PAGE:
This site runs on a lovely piece of software called WordPress. It is Open Source (meaning available to anyone for free) and used on millions of websites around the planet. It has a commercial arm as well, so the company is able to employ software programmers to make sure WordPress is stable and secure.
I am also a little, well the only word is paranoid (yes I can tap for that!), about my computer’s security. In 1995 when Larry and I got our first computer, we swapped a disk with a tech who was repairing some other equipment, and that infected our system and effectively shut down our business for three weeks as we struggled to deal with. We’ve happily spent good amounts of money on anti-virus software since then. I did get infected through an msn message late last year, and spent some time cleaning up and putting in a couple of layers of anti-Trojan infection.
So imagine my surprise when I went to log in to my WordPress yesterday to add a blog post, and my site came up with a red screen telling me that my site was unsafe!
And I spent the rest of the day and half of the next trying to find out what was going on and sorting it out. And then another six of so hours in between other stuff tidying up. Effectively wasting two entire working days. This is devastating when you’re in a two-person startup business, because there’s more work to do than time available.
What I found out was that an old script I’d installed on my server, to try it out, about 12 months ago, had a security vulnerability. WordPress is exceptionally good at communicating with its millions of installs, and when it notified me of the new version a couple of weeks ago, I upgraded immediately. I also upgraded plugins as they became available, and so on. I was confident my WordPress was secure.
But I’d really forgotten about this old script, and hadn’t upgraded it. Somehow it allowed someone into the site, who was able to install some hidden html code onto a bunch of my pages – 178 as it turned out. Thanks to a tech at my webhost, I had a starting point. The only way I could get into my site at all was through FTP, so I downloaded my entire site and while I was waiting I went agoogling, starting with the error message. After a lengthy trail I had an action list:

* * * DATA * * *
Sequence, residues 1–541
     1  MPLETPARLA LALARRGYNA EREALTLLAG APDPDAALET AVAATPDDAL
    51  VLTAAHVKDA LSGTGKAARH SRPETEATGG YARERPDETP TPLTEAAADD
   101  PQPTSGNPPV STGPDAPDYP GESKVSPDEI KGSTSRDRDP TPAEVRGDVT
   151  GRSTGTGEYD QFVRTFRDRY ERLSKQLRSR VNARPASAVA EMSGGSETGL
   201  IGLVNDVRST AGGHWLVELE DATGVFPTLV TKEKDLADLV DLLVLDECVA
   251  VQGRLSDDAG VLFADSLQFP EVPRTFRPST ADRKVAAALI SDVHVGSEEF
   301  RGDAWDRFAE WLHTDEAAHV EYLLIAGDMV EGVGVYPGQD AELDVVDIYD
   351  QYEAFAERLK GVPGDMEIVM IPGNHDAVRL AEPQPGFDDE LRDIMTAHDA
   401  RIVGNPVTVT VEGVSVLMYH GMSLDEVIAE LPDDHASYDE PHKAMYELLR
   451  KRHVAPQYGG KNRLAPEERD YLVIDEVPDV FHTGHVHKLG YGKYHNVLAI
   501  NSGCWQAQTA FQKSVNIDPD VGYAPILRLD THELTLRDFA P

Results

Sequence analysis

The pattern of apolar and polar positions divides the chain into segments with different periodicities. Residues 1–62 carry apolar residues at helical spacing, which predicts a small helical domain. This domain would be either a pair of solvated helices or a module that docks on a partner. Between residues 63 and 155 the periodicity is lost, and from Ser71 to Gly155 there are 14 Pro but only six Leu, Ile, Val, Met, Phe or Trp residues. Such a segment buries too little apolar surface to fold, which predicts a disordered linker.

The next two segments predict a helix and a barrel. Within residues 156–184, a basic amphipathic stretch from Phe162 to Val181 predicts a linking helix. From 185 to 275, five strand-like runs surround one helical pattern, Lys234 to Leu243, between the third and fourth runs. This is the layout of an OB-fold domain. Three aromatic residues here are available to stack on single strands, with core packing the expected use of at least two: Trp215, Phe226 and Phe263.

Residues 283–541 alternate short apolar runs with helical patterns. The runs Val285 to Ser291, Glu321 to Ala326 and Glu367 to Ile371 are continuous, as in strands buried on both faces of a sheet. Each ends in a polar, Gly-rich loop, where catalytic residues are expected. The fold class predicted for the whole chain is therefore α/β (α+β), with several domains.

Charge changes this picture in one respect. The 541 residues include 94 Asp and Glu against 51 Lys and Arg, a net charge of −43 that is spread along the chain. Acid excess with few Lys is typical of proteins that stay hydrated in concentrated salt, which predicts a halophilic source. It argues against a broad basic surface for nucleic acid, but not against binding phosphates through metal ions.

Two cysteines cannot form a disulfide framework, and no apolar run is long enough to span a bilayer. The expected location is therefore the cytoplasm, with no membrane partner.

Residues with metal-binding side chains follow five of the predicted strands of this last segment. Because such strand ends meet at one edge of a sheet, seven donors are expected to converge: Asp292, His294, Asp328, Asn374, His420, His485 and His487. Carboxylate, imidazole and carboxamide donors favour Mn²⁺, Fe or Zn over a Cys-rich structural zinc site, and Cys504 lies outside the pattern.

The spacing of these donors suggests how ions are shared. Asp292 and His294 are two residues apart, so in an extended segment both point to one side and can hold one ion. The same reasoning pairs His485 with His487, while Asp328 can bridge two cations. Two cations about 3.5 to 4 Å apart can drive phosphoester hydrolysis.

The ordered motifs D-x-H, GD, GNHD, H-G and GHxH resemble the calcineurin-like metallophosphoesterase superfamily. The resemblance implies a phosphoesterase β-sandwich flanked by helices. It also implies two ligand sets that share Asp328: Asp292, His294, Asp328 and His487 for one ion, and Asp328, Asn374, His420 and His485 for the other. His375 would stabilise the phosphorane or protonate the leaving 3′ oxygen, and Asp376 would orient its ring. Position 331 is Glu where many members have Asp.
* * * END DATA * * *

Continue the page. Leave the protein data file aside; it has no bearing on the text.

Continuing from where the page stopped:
- Scan the files – NOD32 was doing a scan as the files came down, and picked up a couple of Trojans. I rescanned with another scanner after the download.
- Search the files for hidden iframe tags
- Clean them up
- Check file permissions on every file and folder, ensuring no folders were more than 755 and no files more than 644
- Clean up or upgrade older scripts
- Change passwords
- Scan the site with online malware scanners
- Do any further cleanups
- Install wordpress security – several steps I won’t go into here
- Install an index.html file into the plugins directory
- Protect the admin directory
- Check the FTP access and secure as necessary
Now I’m a geeky girl, but not a geek girl – the difference is in the level of technical competence (a geek girl is likely an IT professional or very dedicated hobbyist). This is what I did, with help from the Google webmaster forum and the stopbadware.com websites. This may or may not help you at all.
I hope you can take some comfort though from knowing that a geeky girl can get this nonsense sorted, with some time and support.
Now, back to what I was doing before all this started…